Video NASA intends to scoop up material from the surface of the Bennu asteroid on 20 October, and has planned up to three retrieval attempts before returning any samples back to Earth.
"Bennu is like a time capsule," said Thomas Zurbuchen, associate administrator of NASA's Science Mission Directorate, on Thursday. "It has been out there since the Earth's beginning 4.5 billion years ago."
NASA believes that Bennu holds the key to studying how the planets in the Solar System formed, and how they will evolve over time. Bennu is also a potentially hazardous asteroid – scientists estimate that there is a "non-negligible chance" that it could hit Earth some time in the 22nd century.
Launched in 2016, the Origins, Spectral Interpretation, Resource Identification, Security, Regolith Explorer (OSIRIS-REx) probe has been orbiting Bennu, the spinning top-shaped asteroid 200 million miles away from Earth, since 2018. It has been trying to find the perfect landing site to steal rocks from and, after careful analysis, NASA settled on a 16-metre-wide crater named Nightingale.
The probe has virtually rehearsed the landing process multiple times, and will finally have a proper go at collecting space rock dust next month in what the steely eyed rocket folk at NASA call a touch-and-go (TAG) process.
OSIRIS-REx will slowly descend towards Bennu until its 3.35-metre-long arm grazes the ground three times. It carries three of canisters nitrogen gas to kick up a cloud of dust to be collected by a sampler head at the end of its arm.
During the manoeuvre OSIRIS-REx will fold back its solar panels into what NASA calls a "Y-wing" configuration (spot the Star Wars fans) to reduce the risk of damage from a collision. It also has the benefit of shifting the spacecraft's centre of gravity to directly over the robot arm.
The sampling process will be have to be quick; Mike Moreau, the deputy project manager of the mission at NASA's Goddard Space Flight Center, said on Thursday during a NASA press conference that OSIRIS-REx's arm will be in contact with Bennu for no more than five to 10 seconds. The team wants to retrieve at least 2oz (60 grams) of the stuff.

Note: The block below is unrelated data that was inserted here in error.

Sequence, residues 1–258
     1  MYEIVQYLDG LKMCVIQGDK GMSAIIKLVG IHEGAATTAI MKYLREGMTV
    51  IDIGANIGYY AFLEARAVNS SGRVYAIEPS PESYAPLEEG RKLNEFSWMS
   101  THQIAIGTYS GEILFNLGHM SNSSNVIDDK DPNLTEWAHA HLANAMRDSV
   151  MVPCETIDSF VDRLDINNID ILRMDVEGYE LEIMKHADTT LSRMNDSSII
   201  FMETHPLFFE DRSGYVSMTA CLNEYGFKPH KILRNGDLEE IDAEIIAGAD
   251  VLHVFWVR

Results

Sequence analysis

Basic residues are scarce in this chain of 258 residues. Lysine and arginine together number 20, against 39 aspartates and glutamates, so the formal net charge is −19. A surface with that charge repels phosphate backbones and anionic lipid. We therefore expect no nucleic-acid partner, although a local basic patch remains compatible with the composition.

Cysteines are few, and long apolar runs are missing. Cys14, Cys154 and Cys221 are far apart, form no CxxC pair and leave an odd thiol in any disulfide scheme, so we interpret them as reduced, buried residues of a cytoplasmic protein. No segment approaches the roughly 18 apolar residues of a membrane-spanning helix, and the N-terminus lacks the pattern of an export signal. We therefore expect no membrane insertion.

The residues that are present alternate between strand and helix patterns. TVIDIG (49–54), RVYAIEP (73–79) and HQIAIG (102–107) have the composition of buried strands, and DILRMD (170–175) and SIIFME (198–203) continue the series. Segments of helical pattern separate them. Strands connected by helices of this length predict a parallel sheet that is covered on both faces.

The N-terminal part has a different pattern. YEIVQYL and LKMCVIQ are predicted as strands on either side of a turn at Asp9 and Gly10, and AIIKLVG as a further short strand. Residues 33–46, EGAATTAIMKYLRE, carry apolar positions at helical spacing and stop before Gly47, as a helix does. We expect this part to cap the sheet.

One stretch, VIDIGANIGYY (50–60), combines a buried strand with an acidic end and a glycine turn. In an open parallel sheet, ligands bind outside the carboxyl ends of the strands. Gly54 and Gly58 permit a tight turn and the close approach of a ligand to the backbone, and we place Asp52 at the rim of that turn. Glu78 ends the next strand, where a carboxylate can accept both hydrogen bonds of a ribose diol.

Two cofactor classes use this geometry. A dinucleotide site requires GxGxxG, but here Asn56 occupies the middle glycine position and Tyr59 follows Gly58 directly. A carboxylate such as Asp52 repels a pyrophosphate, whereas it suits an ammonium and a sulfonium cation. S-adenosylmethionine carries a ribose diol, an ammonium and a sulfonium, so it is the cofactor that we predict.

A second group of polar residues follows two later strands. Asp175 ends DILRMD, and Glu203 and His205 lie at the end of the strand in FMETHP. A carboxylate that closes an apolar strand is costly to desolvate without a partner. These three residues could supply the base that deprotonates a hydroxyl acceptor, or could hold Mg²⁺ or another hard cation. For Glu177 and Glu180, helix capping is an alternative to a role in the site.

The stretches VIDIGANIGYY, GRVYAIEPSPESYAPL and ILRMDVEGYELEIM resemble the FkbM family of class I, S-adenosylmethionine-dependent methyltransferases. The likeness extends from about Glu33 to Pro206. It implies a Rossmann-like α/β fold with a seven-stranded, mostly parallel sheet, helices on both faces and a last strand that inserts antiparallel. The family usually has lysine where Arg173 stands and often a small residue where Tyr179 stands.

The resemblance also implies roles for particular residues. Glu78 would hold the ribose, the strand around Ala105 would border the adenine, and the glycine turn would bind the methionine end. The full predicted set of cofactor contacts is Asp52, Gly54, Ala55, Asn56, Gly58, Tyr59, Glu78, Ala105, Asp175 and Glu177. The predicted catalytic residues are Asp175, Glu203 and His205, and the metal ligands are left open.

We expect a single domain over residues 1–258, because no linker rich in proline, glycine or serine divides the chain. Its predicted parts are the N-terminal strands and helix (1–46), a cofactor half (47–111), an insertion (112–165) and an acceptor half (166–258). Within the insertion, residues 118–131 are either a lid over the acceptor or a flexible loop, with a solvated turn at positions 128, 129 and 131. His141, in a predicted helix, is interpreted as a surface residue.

Dante Lauretta, principal investigator of the mission and professor of planetary science and cosmochemistry at the University of Arizona, told reporters during the briefing that he reckons OSIRIS-REx will probably complete its goal on its first attempt.
In an ideal scenario, it would take a kilogram's worth of regolith, he said. The sample will be shared among several research labs, and a lot of it will also be kept for future generations.
The Nightingale crater was chosen for its loose, fine-grained surface; NASA is looking for rocks the size of a nickel. "It's not the sandy beach that we expected," said Zurbuchen. Old images of Bennu made its surface look smooth, but upon closer inspection it's actually rough, rugged, and littered with boulders, making it difficult to blow up enough regolith to collect, he said.
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NASA won't know if the spacecraft has been immediately successful in scooping enough material; it'll check by getting the probe to spin and thus find out how much extra mass has been added. The sample will also be photographed and the images checked by NASA boffins.
Not only does Bennu contain water, clay, and minerals, a recent study revealed it may have some material from Vesta, one of the largest objects in the asteroid belt, leftover from an ancient collision, NASA explained in the press conference.
"Our leading hypothesis is that Bennu inherited this material from its parent asteroid after a vestoid (a fragment from Vesta) struck the parent," said Hannah Kaplan of NASA's Goddard Space Flight Center. "Then, when the parent asteroid was catastrophically disrupted, a portion of its debris accumulated under its own gravity into Bennu, including some of the pyroxene from Vesta."
Once scientists confirm that the probe has taken enough material from Bennu, the sample will be safely locked away in a capsule to be flown to Earth. If all goes to plan, OSIRIS-REx will re-enter our atmosphere and dispatch its parachutes to land in about three years on 24 September 2023. ®